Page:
I love that phrase: rote understanding.
I was interested to see that Barry was taught "making ten" when he was in grade school:
The “making ten” method is included in the math program used in Singapore—a nation whose fourth and eighth graders have consistently obtained the highest scores in international math tests. Specifically, in Singapore’s Primary Math textbook for first grade, the procedure for adding by “making tens” is explained. Of particular importance, however, is that the procedure is not the only one used, nor are first graders forced to use it. This may be because many first graders likely come to learn that 8 + 6 equals 14 through memorization, without having to repeatedly compose and decompose numbers in order to achieve the “deep understanding” of addition and subtraction that standards-writers—and the interpreters of same—feel is necessary for six-year-olds.I have a question about the teacher's explanation of the number 6:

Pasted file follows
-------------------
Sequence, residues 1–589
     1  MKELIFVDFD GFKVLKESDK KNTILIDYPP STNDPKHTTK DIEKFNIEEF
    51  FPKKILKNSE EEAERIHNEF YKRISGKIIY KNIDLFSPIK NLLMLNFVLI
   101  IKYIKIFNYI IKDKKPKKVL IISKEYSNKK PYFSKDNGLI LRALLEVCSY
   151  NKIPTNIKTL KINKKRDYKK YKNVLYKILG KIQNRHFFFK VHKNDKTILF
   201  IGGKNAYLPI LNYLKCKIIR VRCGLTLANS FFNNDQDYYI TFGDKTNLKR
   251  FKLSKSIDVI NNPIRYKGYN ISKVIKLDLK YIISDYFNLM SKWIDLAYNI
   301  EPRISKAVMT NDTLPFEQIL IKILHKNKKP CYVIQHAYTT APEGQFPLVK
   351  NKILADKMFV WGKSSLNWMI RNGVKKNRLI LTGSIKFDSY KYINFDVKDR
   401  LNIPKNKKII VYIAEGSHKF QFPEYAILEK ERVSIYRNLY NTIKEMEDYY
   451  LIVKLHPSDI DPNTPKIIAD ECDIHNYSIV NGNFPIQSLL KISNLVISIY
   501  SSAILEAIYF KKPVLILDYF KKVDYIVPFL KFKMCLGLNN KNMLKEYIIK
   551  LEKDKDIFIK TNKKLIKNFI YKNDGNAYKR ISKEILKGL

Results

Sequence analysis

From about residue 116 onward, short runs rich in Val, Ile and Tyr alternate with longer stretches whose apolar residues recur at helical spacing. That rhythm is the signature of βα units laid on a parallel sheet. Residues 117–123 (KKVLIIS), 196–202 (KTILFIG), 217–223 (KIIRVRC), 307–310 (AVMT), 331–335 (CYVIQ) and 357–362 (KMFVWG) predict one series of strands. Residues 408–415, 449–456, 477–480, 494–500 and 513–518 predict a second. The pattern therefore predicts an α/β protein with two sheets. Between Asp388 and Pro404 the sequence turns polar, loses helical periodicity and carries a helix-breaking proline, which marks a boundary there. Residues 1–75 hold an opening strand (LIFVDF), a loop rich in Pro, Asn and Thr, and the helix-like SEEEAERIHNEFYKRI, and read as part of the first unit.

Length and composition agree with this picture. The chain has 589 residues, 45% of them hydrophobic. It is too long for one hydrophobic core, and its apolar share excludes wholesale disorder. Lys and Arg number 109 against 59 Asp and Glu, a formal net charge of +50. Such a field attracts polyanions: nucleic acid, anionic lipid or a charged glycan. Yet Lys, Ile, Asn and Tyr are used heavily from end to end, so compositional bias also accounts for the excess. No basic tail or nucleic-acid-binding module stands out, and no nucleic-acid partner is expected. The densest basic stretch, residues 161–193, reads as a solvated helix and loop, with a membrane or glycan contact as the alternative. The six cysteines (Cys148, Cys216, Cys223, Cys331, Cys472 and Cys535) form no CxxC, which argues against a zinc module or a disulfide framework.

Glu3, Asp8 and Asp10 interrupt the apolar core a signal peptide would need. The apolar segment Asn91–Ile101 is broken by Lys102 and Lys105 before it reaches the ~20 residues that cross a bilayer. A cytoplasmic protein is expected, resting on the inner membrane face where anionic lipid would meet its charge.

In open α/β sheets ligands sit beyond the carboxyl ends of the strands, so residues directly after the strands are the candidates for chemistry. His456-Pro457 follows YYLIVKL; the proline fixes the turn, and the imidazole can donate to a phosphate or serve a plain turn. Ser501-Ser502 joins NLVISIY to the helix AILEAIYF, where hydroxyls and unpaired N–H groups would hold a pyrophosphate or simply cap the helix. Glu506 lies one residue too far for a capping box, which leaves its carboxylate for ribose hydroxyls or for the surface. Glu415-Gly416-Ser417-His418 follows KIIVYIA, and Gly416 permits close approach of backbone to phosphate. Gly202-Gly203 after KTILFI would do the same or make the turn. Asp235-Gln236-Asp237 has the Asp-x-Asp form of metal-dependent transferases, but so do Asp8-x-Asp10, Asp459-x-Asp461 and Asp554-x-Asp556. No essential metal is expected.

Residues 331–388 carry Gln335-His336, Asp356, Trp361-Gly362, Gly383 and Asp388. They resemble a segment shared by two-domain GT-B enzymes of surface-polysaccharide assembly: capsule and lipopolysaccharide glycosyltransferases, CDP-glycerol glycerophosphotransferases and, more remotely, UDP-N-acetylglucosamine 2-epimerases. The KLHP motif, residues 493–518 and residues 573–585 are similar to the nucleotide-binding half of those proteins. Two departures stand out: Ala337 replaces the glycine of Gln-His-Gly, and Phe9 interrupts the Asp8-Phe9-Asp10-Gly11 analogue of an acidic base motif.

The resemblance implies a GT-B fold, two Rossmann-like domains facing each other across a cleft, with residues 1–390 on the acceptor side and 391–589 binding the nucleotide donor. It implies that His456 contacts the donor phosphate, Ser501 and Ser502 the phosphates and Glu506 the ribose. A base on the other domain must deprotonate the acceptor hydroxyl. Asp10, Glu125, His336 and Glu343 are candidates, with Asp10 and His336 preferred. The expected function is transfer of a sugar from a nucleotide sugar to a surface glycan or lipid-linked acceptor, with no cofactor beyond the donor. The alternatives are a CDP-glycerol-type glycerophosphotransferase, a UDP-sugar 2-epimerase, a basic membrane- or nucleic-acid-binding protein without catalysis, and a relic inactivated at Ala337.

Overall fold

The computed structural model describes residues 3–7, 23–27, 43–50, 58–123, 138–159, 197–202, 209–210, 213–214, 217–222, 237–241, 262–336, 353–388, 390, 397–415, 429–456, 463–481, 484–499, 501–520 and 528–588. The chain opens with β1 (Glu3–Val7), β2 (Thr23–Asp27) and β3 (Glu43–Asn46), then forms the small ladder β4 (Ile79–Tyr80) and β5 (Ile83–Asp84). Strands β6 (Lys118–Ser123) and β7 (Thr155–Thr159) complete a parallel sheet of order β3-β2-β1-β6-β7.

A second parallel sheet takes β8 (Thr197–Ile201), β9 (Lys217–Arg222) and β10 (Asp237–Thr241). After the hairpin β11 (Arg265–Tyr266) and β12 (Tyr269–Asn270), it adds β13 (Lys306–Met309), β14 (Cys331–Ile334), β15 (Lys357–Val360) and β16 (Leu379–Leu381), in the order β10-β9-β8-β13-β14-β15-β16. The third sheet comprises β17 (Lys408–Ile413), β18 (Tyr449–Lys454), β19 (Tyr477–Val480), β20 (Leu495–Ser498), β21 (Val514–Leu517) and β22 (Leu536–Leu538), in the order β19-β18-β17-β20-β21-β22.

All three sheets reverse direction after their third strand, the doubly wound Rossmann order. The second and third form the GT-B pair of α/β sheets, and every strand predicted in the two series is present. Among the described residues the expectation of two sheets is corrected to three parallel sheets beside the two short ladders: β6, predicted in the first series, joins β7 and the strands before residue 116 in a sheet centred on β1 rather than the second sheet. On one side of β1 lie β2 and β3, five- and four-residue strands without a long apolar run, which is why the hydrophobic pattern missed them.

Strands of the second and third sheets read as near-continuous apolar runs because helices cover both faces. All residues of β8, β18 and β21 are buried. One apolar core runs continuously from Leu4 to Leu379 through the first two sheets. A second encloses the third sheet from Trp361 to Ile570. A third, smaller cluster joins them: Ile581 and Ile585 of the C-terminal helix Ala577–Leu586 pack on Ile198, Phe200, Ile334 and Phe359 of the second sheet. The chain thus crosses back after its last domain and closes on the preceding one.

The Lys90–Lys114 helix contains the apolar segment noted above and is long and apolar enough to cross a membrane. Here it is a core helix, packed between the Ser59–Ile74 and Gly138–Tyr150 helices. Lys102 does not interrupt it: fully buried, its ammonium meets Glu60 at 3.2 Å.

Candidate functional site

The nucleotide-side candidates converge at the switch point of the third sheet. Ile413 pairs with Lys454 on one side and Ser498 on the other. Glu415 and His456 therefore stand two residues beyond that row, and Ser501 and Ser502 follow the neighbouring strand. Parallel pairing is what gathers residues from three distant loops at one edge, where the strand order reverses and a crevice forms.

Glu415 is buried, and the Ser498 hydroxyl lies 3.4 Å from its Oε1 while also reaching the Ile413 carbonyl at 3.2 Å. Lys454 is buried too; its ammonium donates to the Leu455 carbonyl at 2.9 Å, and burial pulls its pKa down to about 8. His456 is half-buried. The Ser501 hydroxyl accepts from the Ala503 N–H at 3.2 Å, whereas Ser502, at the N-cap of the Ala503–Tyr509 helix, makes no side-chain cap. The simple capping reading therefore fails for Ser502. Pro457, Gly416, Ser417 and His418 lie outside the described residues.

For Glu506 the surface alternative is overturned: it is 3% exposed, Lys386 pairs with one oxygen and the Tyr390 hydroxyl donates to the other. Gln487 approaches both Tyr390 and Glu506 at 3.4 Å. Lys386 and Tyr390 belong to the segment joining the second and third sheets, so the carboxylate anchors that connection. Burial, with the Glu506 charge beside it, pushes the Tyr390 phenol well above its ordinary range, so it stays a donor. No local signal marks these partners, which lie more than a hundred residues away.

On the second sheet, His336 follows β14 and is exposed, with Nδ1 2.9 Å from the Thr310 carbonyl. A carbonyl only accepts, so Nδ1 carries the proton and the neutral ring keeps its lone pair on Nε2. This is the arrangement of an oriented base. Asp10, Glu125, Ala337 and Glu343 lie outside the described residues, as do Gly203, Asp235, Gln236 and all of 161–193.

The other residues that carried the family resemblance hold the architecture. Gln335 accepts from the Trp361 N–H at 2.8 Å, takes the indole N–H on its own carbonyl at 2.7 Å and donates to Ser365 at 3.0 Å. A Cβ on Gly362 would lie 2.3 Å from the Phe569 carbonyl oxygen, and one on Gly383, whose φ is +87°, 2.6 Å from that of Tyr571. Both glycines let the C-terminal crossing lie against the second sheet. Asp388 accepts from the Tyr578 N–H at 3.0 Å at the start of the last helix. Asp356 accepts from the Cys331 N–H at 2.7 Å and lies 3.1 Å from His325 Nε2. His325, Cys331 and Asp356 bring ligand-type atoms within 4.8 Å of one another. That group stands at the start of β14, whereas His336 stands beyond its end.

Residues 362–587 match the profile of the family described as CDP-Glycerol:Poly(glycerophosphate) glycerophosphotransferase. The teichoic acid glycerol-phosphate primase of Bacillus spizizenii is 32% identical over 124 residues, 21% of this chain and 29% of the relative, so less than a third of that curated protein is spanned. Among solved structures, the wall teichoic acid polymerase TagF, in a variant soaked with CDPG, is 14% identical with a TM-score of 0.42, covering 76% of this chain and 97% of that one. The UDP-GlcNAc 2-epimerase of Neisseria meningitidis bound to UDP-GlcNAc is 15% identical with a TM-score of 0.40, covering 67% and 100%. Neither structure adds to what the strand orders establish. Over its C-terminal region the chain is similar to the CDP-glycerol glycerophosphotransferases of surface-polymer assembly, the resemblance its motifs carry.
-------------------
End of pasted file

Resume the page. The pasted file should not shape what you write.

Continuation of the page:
“Making tens” is not limited to Singapore’s math textbooks, nor is it by any means a new strategy. It has been used for years, as it was in my third-grade arithmetic textbook, written in 1955...
“So if we can partner 9 to a number and anchor 10, we can help our students see what 9 plus 6 is. So we’re going to decompose our 6, and we know 6 is made up of parts. One of its parts is a 1 and the other part is a 5.How do mathematicians think about whole numbers?
Do they see them as "made up of parts"?
Or as decomposable into parts?
(Or both --- ?)
To me, "made up of" and "decomposable into" seem like two different things.
Another question: if 6 is "made up of parts," is 6 one of the parts?
I bet right this minute there are kids all over America who are royally confused by the ramifications of making ten.